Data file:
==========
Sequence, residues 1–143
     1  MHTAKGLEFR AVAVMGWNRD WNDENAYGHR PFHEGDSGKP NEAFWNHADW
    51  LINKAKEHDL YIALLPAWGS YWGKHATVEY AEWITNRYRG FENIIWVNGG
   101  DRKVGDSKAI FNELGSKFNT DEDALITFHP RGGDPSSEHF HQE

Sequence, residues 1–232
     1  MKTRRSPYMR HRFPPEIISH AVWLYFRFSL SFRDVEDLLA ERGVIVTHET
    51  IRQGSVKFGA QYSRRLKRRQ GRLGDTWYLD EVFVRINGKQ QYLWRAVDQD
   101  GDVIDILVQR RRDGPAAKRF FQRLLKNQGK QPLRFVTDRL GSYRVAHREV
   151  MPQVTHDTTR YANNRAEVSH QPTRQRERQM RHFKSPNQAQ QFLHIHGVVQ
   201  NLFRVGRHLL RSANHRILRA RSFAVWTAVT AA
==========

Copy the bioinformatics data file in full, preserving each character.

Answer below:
Sequence, residues 1–143
     1  MHTAKGLEFR AVAVMGWNRD WNDENAYGHR PFHEGDSGKP NEAFWNHADW
    51  LINKAKEHDL YIALLPAWGS YWGKHATVEY AEWITNRYRG FENIIWVNGG
   101  DRKVGDSKAI FNELGSKFNT DEDALITFHP RGGDPSSEHF HQE

Sequence, residues 1–232
     1  MKTRRSPYMR HRFPPEIISH AVWLYFRFSL SFRDVEDLLA ERGVIVTHET
    51  IRQGSVKFGA QYSRRLKRRQ GRLGDTWYLD EVFVRINGKQ QYLWRAVDQD
   101  GDVIDILVQR RRDGPAAKRF FQRLLKNQGK QPLRFVTDRL GSYRVAHREV
   151  MPQVTHDTTR YANNRAEVSH QPTRQRERQM RHFKSPNQAQ QFLHIHGVVQ
   201  NLFRVGRHLL RSANHRILRA RSFAVWTAVT AA